Park improvements, trail maintenance, climate resilience, connecting to our community, these are all made possible through the California State Parks Foundation Volunteer Program. Our volunteers are passionate about being champions for our parks and are vital in helping to maintain and improve parks for all Californians to enjoy.
California State Parks Foundation volunteers help our state parks stay in tip-top shape by removing invasive plants, maintain safe hiking trails by making regular repairs, and keep parks beautiful with painting and landscaping projects. This year we had 125 volunteer workdays in 42 state parks. We held 2 Core Leader trainings and recruited 4 new Core Leaders and 2 new Jr. Core Leaders. Below are highlights of our accomplishments this past year.
Fiscal Year 2019-2020 by the Numbers
Volunteers, along with park staff work hard to maintain park trails. Trail maintenance helps to protect sensitive habitats, ensure visitor safety, and allows visitors a way to enjoy the outdoors. Some of our trail maintenance projects included:
Baldwin Hills Scenic Overlook State Park – Created a new switchback to help prevent erosion in the rainy season, and allow vegetation to reestablish on the previous, unsustainable trail alignment.
Palomar Mountain State Park – tree removal and brushing.
Our program’s consistency allows us to have a great impact in the areas of habitat restoration. With a continued presence in parks our volunteers help to make huge strides in preventing invasive plants from overtaking the native landscape which supports wildlife and are the a foundation for a healthy ecosystem.
Half Moon Bay State Beach – removed invasive species such as ice plants, cape ivy and oxtails and planted California natives.
Patrick’s Point State Park – removed english ivy from arounds sword ferns and trees.
Rio De Los Angeles State Park – removed invasive species such as fennel, thistle and papyrus. Planted black walnut and coast live oak trees.
We also support park maintenance efforts to keep the park’s infrastructure in tip-top shape. Our volunteer projects focus on maintaining campgrounds, historic park buildings, walking paths, and other structures important in ensuring a positive visitor experience. Some of our maintenance projects included:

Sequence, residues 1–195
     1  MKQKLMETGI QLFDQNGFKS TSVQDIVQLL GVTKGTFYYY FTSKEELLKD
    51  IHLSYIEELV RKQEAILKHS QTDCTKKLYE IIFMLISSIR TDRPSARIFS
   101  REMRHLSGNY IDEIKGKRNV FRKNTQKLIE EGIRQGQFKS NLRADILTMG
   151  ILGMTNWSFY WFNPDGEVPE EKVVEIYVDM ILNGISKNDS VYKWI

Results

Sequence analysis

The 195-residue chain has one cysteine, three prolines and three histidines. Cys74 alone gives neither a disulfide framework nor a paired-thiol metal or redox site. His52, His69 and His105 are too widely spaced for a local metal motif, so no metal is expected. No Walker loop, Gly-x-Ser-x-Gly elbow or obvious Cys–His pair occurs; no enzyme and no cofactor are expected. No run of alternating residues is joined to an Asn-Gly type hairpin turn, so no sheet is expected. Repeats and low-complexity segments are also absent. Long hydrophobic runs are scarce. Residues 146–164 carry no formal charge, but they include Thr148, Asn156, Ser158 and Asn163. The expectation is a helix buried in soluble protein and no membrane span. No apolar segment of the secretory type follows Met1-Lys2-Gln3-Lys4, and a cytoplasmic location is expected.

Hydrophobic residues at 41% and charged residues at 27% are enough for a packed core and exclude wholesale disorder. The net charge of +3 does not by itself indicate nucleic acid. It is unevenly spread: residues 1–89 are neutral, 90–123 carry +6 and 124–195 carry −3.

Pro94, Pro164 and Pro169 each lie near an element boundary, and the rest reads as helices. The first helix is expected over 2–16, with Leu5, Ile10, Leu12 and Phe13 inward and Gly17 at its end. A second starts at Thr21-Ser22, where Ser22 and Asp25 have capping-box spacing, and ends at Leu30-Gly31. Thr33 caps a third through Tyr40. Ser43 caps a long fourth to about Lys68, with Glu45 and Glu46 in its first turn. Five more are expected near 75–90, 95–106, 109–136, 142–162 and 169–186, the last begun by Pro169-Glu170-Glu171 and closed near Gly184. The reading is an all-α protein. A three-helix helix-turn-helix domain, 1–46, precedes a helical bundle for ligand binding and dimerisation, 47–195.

Pigeon Point Light House State Historic Park – Installed new picket fencing along park trails.
Malibu Creek State Park – Helped restore trail stairs and construct a park sign kiosk that had been damaged in the 2018 Woolsey fires.
Colonel Allensworth State Historic Park – repainted historic buildings and sealed walkways to preserve its important park history
Our volunteer program continued to make a difference during our Earth Day celebrations this year, despite COVID-19 and the state-wide stay at home order. We quickly pivoted our plans for Earth Day 2020 from large volunteer events, and open houses to showcase our state parks, to investing in meeting the needs of state parks in light of COVD-19 and park closures.
Angel Island State Park – This grant was used to purchase equipment for interpretive programs that are now being conducted through distance learning, items for the living history program, items for a hospital artifact exhibit, and replacement BBQs in Ayala Cove.
Baldwin Hills Scenic Overlook State Park – Funds from this grant were spent on native plants and supplies, as habitat restoration work continued. Restoring these areas will keep hikers on trails and off sensitive habitats, decrease habitat fragmentation at the park, and provide continuous habitat to attract more species of wildlife. Native habitat conservation efforts also help in water conservation and wildfire prevention.
Half Moon Bay State Beach – This grant was used to plan for future volunteer projects in a time where group size must be limited, volunteers must use social distancing practices, and sanitation is a priority. The park will be adding tools and supplies to accommodate those needs – like purchasing gloves that would be provided to volunteers and providing hand washing stations and other sanitation.
You can read more about how we helped to address the immediate needs of state parks with our Earth Day grants here, California State Parks and Earth Day 2020.
This year, though challenging, has been a shining example of what we can achieve when we work together. While we were unable to be in parks for much of the year our impact was still felt and the need for volunteers became even more apparent. While we did have to pause our program in response to COVID-19, we are excited to start getting back into parks in the coming months. This fall we are re-launching our volunteer program implementing new safety precautions and will continue working to support our beloved park system. Thank you for your continued support and dedication to our program.